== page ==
A two-year degree is an important step up, but it’s not the same as a four-year degree, which can open more (professional) doors for a student,” said Mehan, who also suggests that failing to create more equity across all levels of higher education could well result in nothing less than the shattering of the American dream for a whole generation of youth born of immigrant families.
Couple things. Community college (for Latinos) is the major pipeline for entering four year institutions. However, most community colleges are underfunded and overextended. Second, without policies that greatly improve the transfer process between college and universities, Latino college students run a higher risk of falling through the proverbial pipeline. Hence, Latino students fall behind other student populations in key college transitions.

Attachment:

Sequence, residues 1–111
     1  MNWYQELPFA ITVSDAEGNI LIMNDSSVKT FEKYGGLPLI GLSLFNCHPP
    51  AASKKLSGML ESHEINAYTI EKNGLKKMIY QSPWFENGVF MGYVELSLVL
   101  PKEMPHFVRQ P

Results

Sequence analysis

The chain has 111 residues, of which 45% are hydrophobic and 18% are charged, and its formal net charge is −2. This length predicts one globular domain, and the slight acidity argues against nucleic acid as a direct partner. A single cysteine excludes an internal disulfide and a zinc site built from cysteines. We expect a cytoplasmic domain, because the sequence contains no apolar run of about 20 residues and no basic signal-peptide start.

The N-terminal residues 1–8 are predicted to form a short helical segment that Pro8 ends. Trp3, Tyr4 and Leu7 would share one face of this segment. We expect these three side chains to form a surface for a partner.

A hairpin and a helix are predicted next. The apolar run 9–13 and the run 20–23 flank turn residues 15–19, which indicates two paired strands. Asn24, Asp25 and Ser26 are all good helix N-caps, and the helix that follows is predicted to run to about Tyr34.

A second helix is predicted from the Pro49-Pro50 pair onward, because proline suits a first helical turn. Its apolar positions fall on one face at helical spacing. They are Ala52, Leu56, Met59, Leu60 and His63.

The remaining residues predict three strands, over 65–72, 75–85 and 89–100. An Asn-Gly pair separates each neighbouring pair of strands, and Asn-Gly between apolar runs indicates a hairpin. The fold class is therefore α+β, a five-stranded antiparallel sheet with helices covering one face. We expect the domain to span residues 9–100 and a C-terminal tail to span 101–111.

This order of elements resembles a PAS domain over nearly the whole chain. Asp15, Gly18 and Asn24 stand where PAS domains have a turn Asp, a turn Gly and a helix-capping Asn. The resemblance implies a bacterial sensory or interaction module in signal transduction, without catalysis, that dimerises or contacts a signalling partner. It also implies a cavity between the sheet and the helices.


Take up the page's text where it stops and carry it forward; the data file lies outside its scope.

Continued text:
As the article suggests, Latinos carry the enthusiasm and hope to obtain a college education. Admissions have certainly increased. But providing Latinos access to college is not enough. We need to retain and graduate them too.
Artwork: yaser abo hamed via Toon Pool